Hawking Up Hairballs

Monday, August 29, 2005

On Writing

In many ways, writing is like hitting a baseball. Sometimes you're on a hot streak, the ball looks as big as a basketball, and you're tearing the hide off of it. Other times, you hit a cold spell, the ball looks like a BB, and you're swinging like the proverbial rusty gate. As in baseball too, the only solution to these slumps is to sit down and work your way through them.

Hot streaks are what we all want though, and I can always tell when I'm on one. I am normally an excellent speller. However, over the years, I have noticed that when I am on a roll with my writing that I tend to misspell words. Not just any words though. Instead I will write a sound-alike word for the one I really want. For example, "there" when I meant "their". I suppose that one could say that this means the right brain is kicking in, though the whole right brain/left brain thing is overstated if recent research is to be believed. I tend to think that it's more the case that writing is primarily something verbal for me. When I'm going well, I fall into the rhythms of the spoken word and, from the point of view of the spoken word, "their" and "there" are exactly the same.

There are indubitably cold spells in writing, but I find that they don't last long and aren't hard to break through. For me, the really nasty ones turn out to be psychological problems, not writing problems. In the back of my mind, I may be thinking that no matter how hard I work on my novel, I won't get it published, or I may just find the enormity of the task as overwhelming. Sometimes those ways of thinking can be damned difficult to overcome and there's no question that they affect the writing.

Of course, one solution is to take the stance that you're mainly writing for yourself, but that's just bullshit rationalization. Those who are writing for themselves don't show it to others. The fact of the matter is that we who take writing seriously are obsessed with communicating with others. We have a vision that we're trying to get across. I've always felt that the difference between writing for oneself and writing for an audience is like the difference between masturbating and making love.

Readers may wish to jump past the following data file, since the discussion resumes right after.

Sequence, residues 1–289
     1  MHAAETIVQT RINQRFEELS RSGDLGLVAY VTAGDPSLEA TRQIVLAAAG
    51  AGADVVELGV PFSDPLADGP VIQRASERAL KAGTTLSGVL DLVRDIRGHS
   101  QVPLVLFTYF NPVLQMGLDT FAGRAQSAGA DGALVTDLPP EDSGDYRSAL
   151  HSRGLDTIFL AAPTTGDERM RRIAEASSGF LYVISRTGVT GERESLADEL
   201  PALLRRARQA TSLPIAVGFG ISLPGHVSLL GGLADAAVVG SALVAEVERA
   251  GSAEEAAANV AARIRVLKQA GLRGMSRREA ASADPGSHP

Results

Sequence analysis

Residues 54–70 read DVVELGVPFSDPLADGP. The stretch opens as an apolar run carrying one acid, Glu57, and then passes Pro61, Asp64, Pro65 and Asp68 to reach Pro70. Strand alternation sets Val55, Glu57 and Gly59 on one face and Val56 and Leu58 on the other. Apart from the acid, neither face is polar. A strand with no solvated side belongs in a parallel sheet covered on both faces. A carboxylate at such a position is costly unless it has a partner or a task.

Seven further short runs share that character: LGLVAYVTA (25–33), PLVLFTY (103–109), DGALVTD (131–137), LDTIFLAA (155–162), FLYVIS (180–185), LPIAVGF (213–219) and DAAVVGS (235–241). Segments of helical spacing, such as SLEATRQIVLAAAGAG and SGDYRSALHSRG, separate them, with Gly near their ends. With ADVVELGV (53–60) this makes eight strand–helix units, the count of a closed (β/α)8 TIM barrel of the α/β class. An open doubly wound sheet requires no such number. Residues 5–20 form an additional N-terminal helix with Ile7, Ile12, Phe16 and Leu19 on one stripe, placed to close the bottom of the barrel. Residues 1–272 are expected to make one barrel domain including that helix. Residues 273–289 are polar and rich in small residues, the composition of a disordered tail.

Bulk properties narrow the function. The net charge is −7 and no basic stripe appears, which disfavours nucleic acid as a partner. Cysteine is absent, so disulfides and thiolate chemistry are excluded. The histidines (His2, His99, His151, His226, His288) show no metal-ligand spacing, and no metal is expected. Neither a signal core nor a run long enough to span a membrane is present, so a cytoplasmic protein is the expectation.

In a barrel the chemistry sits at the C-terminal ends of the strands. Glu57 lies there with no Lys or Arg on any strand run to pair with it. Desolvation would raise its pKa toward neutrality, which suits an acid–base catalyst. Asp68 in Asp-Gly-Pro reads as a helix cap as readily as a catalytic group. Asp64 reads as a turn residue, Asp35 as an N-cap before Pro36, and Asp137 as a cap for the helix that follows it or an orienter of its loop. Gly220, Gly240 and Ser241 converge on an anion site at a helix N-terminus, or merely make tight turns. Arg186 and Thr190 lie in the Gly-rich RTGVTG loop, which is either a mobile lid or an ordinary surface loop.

Anais Nin said that there's no such thing as writer's block and, in the sense that she means it, I agree with her. It was her contention that when a writer was blocked, he wasn't listening to his unconscious. There's no doubt about that in my mind, but that knowledge doesn't solve the practical problem. If you're in the middle of writing a novel, it's got a logic and a flow of its own. You have to follow that logic and its flow. Most times, if you go off on some wild tangent, you end up getting lost. I know, because I've done it.

All that said, there's nothing I'd rather be doing than writing. It sure as hell beats software engineering, which I spent too many years doing.

I was going to write a comment about the public debate over whether intelligent design should be taught alongside evolution in science classes but, in yesterday's NY Times, Daniel Dennett wrote a piece that addressed the issue a lot better than I could. I recommend it. You have to register to read the Times online, but it's free.


Blogger David Matthews said...

Interesting about the research indicating the right brain stuff might be overstated. I've wondered if that might be the case.

While I might quibble at the edges, I'm pretty much with you on writing for oneself vs. writing for an audience. I think elements of both are at work, but I've come to realize I really do care about an audience. Not just any audience, of course.

I'll second your recommendation of the Dennett essay in the Times.

11:21 PM  

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